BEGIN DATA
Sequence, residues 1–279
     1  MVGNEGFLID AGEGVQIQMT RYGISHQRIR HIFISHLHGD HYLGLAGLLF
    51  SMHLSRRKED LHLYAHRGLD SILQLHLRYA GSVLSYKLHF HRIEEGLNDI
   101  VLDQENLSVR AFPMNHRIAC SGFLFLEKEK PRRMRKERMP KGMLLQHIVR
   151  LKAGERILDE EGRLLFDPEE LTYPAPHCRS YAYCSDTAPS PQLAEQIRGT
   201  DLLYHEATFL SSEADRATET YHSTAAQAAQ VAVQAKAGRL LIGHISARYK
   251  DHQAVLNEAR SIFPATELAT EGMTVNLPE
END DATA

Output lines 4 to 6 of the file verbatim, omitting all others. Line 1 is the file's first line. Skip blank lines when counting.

   101  VLDQENLSVR AFPMNHRIAC SGFLFLEKEK PRRMRKERMP KGMLLQHIVR
   151  LKAGERILDE EGRLLFDPEE LTYPAPHCRS YAYCSDTAPS PQLAEQIRGT
   201  DLLYHEATFL SSEADRATET YHSTAAQAAQ VAVQAKAGRL LIGHISARYK